And what about the law?

At present, dog theft is not defined as a specific crime, with dogs classed as ‘property’ under the Theft Act 1968. If caught, the penalty for stealing pets is generally a small fine or suspended sentence, with the Pet Theft Reform campaign reporting that in recent years only 1% of dog theft crimes have led to a prosecution.

The Home Secretary, Priti Patel, has said in recent media interviews that she will review pet theft, with potentially tougher penalties for perpetrators. 

But what can you do to help change the law?

  • One thing you can do is sign a petition to make dog theft a specific criminal offence. To know what petitions are currently running visit:
  • Additionally, you could use The Kennel Clubs dog theft template letter to write to your parliamentary representative lending your support and letting them know how they can help.
  • Finally, you could raise awareness about the issue amongst your community. By letting others know about the issue we have more opportunity to keep dogs safe all across the country.


What to do if your dog is stolen

There are a number of things you should do if your dog is stolen, all of which will increase your chances of recovering it.

  1. Contact the police and report your dog as stolen, providing as many descriptive details as you can. Make a note of the crime reference number.
  2. Contact your local council to make them aware, as many still have dog warden services that encounter stray dogs.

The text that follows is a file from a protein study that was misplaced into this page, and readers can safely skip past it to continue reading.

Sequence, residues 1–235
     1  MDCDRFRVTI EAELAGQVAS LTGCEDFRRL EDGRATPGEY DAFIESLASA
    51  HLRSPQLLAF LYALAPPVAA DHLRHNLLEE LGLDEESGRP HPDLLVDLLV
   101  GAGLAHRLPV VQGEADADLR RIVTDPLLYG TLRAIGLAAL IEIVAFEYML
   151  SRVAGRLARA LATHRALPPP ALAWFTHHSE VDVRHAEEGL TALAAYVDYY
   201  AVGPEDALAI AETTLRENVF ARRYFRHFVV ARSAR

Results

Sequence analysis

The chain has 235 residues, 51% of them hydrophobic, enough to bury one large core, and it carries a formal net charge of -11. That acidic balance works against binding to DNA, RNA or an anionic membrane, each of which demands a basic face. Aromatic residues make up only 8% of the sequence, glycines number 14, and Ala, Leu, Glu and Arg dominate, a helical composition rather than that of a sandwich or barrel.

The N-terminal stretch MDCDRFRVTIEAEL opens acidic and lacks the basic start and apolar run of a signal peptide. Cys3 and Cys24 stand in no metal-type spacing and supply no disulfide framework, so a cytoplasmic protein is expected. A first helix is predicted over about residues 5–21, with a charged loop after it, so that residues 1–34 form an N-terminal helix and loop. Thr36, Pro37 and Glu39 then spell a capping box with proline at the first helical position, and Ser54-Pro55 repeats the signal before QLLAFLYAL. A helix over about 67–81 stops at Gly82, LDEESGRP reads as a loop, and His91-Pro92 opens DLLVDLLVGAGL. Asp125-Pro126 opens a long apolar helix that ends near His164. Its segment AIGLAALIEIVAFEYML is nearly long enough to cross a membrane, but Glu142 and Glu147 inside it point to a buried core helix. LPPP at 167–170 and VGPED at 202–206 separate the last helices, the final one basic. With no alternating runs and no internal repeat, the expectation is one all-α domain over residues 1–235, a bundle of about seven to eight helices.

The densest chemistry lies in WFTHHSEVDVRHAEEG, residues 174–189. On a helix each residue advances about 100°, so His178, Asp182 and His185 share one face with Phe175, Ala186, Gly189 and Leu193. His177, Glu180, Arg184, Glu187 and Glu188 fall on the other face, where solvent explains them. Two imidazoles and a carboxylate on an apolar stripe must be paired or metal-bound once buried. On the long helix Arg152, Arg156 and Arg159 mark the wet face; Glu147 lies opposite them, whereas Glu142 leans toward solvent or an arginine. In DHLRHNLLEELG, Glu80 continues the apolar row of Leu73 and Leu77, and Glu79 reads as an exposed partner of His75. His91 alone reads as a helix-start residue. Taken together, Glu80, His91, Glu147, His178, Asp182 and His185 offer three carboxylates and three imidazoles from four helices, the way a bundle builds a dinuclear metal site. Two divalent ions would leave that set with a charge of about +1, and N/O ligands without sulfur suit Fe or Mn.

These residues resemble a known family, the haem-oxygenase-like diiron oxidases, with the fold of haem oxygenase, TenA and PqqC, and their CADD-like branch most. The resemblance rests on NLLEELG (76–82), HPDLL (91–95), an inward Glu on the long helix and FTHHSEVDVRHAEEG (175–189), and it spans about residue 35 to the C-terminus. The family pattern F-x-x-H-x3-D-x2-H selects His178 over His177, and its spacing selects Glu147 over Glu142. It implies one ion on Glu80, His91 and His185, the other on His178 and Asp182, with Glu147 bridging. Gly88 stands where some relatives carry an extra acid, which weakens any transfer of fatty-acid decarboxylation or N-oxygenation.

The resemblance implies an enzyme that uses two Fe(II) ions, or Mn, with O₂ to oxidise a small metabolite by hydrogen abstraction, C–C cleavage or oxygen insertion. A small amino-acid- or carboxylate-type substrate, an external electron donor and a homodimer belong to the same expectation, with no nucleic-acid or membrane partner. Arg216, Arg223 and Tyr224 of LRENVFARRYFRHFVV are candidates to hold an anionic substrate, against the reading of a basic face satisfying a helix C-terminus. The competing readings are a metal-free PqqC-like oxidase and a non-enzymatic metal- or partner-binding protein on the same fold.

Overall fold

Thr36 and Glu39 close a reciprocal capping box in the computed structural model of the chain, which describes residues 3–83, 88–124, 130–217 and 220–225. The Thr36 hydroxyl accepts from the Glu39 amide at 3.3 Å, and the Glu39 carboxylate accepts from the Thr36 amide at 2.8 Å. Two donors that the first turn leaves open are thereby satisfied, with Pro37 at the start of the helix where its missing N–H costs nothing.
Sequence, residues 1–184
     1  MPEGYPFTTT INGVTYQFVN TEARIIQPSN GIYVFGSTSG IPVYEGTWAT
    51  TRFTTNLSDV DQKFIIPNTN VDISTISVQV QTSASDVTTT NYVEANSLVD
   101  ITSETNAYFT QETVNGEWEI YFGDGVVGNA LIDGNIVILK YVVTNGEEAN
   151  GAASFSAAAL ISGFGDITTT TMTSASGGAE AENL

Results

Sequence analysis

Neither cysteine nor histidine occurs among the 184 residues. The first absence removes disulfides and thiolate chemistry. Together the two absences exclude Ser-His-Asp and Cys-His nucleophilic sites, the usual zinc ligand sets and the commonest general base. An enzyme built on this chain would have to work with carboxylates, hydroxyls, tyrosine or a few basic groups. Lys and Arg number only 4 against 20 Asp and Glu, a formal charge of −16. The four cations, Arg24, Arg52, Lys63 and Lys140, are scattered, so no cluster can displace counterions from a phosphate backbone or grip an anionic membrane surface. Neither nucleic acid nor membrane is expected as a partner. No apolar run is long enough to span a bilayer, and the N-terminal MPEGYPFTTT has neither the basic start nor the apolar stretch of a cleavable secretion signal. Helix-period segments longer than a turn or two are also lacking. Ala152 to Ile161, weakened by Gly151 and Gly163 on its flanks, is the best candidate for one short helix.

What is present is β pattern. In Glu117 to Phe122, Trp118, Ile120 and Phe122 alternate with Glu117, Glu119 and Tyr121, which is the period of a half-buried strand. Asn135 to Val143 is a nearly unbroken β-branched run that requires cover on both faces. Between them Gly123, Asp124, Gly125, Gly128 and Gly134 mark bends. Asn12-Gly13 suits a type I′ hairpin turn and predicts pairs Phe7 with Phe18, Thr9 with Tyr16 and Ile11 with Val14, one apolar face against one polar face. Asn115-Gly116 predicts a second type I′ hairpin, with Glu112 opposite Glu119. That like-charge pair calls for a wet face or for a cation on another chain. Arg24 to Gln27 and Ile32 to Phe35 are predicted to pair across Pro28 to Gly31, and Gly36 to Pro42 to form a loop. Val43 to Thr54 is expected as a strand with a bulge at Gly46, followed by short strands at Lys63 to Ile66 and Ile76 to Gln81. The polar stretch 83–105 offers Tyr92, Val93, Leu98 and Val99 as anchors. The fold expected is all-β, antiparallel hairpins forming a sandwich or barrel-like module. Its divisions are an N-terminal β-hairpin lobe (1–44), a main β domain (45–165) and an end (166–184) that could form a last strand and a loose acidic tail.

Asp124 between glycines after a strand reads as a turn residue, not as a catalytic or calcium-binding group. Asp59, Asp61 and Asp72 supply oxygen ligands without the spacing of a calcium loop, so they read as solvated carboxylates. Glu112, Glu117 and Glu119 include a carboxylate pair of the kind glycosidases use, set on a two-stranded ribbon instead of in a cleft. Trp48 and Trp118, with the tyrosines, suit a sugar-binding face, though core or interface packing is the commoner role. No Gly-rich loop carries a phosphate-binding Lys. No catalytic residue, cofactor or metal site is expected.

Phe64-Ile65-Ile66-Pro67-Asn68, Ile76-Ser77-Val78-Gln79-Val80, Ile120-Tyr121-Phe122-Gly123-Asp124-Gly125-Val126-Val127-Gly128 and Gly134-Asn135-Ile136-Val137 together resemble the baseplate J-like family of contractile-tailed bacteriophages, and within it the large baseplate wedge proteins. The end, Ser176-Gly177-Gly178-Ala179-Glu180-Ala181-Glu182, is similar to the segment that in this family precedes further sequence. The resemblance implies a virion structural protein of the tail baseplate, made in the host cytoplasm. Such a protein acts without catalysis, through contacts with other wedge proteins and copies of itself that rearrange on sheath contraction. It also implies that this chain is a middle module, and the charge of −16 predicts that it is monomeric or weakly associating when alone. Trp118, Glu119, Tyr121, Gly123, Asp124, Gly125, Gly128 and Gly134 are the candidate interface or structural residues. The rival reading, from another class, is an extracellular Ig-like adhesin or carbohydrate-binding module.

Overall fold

3. Contact the microchip database holding your dog’s details and update them about the theft. Should the dog be recovered and checked, it will be possible to reunite you.
  4. There are many websites for missing animals, so make sure you add details of your dog’s loss to these, using the photos you have taken. Include the crime reference number.
  5. Vets are also a good place to advertise the loss of any dog, as well as local animal rescue centres.
  6. Noticeboards in local parks may also allow you to place missing dog details.


Be aware of scammers masquerading as pet thieves

Please be aware of scammers who see the missing dog posters and use this information to contact the owners and offer to return the dog for money - but of course they never had the dog in the first place and the owners are at risk of losing not only their pet but their money too.  If anyone demands money for the safe return of your pet contact the police.


Puppy farming

In addition to dog theft, puppy smuggling and illegal breeding through puppy farming is also on the rise. During the pandemic, demand for puppies has been so high that buyers are looking further afield for puppies and dogs, and sellers are willing to take more of a risk for more profits. To find out more about puppy farming visit Crimestoppers Dog Theft page

If you have information about those behind organised dog theft, puppy smuggling or illegal breeding and wish to remain anonymous. you can contact the independent charity Crimestoppers on the phone or online – just call 0800 555 111 or using their online form  on their website - you’ll stay 100% anonymous. Always.